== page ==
South Korea donates 50,000 tonnes of rice to North as 10 million people at risk of starvation

'Many families survive on a monotonous diet of rice and kimchi most of the year, eating very little protein'

Corazon Miller
Thursday 20 June 2019 14:39 BST
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North Korea has been hard hit by droughts, heatwaves and floods that have led to the worst harvest season in ten years
North Korea has been hard hit by droughts, heatwaves and floods that have led to the worst harvest season in ten years (Getty )

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South Korea is donating 50,000 tonnes of rice and £3.5m to North Korea as a severe drought and resulting food shortages puts 10.1m at risk of starvation.

North Korea has been hard hit by droughts, heatwaves and floods that have led to the worst harvest season in ten years and a 1.36m tonne shortage of food.

The southern republic announced on Wednesday its plans to donate the food and money to address the critical food situation in the north.

“The Government hopes that the food aid provided through the World Food Programme (WFP) can be delivered to the North Korean people without play.”

In a statement, the WFP, welcomed the landmark donation.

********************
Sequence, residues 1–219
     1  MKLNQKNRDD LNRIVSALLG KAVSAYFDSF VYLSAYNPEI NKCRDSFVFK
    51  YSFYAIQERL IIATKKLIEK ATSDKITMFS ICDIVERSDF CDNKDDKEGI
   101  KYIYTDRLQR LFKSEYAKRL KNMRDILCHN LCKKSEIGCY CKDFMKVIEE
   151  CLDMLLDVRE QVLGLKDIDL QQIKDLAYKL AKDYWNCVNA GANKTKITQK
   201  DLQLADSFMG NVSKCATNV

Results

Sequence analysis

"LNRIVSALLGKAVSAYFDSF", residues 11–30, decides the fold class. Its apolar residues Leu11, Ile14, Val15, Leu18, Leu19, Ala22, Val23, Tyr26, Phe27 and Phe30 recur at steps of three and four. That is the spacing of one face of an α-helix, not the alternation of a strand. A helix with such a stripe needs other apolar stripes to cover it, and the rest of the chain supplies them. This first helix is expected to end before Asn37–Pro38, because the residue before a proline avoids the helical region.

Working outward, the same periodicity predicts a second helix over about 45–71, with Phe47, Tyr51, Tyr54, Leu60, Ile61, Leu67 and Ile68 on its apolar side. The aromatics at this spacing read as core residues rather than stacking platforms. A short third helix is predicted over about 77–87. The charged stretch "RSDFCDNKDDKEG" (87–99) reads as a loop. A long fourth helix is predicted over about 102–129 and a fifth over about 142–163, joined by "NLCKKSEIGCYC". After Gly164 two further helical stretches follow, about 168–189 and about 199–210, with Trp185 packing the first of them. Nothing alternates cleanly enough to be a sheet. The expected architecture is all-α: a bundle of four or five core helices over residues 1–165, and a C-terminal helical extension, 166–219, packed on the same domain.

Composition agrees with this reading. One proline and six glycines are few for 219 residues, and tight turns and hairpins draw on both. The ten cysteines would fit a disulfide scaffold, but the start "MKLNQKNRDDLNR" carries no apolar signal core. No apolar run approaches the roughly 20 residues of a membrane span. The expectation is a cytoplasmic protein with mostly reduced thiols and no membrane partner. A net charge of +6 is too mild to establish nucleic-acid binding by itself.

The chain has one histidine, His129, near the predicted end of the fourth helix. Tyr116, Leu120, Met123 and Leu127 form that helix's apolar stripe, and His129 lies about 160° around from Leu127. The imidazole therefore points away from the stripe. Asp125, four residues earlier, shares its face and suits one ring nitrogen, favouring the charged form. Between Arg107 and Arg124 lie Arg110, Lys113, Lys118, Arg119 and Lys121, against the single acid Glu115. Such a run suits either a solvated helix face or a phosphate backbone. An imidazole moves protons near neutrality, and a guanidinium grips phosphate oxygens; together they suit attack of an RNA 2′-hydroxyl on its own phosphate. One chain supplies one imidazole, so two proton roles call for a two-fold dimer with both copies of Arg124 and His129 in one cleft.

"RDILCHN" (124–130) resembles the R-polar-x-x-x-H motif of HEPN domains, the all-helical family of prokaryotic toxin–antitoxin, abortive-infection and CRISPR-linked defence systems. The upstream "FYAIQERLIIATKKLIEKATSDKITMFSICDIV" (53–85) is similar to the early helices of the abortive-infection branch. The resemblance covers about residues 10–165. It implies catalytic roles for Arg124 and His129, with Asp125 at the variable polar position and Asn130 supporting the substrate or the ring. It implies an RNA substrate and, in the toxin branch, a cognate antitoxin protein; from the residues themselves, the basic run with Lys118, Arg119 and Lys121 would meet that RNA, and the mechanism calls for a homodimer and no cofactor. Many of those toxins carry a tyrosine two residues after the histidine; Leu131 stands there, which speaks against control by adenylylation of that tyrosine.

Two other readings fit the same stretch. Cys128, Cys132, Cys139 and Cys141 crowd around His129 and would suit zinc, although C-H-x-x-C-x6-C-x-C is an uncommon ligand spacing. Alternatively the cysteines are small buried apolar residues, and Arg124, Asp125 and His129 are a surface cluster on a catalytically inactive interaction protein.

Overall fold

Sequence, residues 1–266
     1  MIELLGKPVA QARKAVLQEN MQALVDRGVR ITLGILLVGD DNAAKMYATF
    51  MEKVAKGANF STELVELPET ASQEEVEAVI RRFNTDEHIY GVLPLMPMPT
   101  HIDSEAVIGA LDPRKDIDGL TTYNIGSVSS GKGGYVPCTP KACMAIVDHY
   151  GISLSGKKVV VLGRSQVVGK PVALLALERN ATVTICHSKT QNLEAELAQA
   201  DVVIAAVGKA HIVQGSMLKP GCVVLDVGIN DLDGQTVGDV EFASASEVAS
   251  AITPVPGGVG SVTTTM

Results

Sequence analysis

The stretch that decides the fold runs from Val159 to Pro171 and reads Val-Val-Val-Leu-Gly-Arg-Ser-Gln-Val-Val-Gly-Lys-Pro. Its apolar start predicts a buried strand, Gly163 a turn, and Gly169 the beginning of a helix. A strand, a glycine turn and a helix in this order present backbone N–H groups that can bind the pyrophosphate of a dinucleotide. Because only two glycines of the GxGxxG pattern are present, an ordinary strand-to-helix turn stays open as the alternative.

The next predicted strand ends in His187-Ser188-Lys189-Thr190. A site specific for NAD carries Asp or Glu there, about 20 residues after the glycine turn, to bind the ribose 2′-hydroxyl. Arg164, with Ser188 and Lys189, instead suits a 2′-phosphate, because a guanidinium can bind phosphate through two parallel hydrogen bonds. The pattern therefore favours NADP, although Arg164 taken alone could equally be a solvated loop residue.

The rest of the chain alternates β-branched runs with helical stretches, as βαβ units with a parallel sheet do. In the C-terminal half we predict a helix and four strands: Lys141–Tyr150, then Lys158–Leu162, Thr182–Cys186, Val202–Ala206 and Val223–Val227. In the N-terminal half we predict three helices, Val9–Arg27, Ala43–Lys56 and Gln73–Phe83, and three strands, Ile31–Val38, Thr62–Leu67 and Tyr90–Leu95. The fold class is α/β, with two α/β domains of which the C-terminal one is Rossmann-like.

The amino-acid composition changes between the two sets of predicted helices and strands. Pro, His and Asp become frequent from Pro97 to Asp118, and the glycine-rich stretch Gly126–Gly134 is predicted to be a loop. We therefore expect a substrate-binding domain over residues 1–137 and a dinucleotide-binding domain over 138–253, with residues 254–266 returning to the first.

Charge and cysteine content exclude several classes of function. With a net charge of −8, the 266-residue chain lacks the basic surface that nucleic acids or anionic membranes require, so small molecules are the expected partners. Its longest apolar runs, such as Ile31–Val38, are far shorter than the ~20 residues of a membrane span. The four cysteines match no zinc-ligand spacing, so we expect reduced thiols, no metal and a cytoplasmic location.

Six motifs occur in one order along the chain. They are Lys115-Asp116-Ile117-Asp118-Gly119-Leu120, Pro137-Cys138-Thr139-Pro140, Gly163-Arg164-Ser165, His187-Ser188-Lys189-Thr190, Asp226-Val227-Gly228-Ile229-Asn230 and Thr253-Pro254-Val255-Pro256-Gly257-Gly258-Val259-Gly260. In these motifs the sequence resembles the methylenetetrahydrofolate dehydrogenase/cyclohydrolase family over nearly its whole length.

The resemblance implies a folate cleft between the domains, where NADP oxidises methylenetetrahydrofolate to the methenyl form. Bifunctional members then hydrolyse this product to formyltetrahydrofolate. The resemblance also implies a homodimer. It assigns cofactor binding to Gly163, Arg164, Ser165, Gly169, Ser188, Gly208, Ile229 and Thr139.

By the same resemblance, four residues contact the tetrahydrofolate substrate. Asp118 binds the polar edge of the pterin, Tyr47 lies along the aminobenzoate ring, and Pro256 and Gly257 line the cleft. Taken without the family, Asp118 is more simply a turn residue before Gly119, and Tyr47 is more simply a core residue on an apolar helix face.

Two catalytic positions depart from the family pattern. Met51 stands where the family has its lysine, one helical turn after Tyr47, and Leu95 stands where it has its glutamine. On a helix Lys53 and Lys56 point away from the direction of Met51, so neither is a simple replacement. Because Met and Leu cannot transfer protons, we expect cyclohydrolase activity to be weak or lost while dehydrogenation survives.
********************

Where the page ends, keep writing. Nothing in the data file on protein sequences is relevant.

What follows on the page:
However, its Asia Pacific director David Kaatrud also estimated a total 300,000 tonnes of food was urgently needed to address the food shortage.

(Getty )
(Getty ) (Getty)

“The DPRK has been hit hard by drought and poor harvests that have left millions of hungry children, women and men facing severe food shortages over the coming months.”

A joint Food and Agriculture Organisation (FAO) and WFP food security assessment report released last month found food production in 2018 had dropped dramatically as a result of the record low harvest of 4.9m tons - the lowest in a decade.

As well as the unfavourable climate conditions it said limited supply of fuel, fertiliser and spare parts had also impacted the quantity of the harvest.

And the government’s Public Distribution System, on which a large portion of the population relies, had been forced to cut rations to the lowest ever level for this time of the year.

This nationwide food shortage had already led to people eating “worryingly” low amounts of food, limited dietary diversity and families were being forced to cut meals.

Co-lead of the mission Nicolas Bidault said: “Many families survive on a monotonous diet of rice and kimchi most of the year, eating very little protein.

“This is worrying because many communities are already extremely vulnerable and any further cuts to already minimal food rations, could push them deep into a hunger crisis,” he added.

He said the situation is particularly worrisome for young children and pregnant and breastfeeding women, who are the most vulnerable to malnutrition.

There are concerns that in the absence of substantial external assistance, rations may be further cut during the critical months of June-October, at the peak of the lean season.

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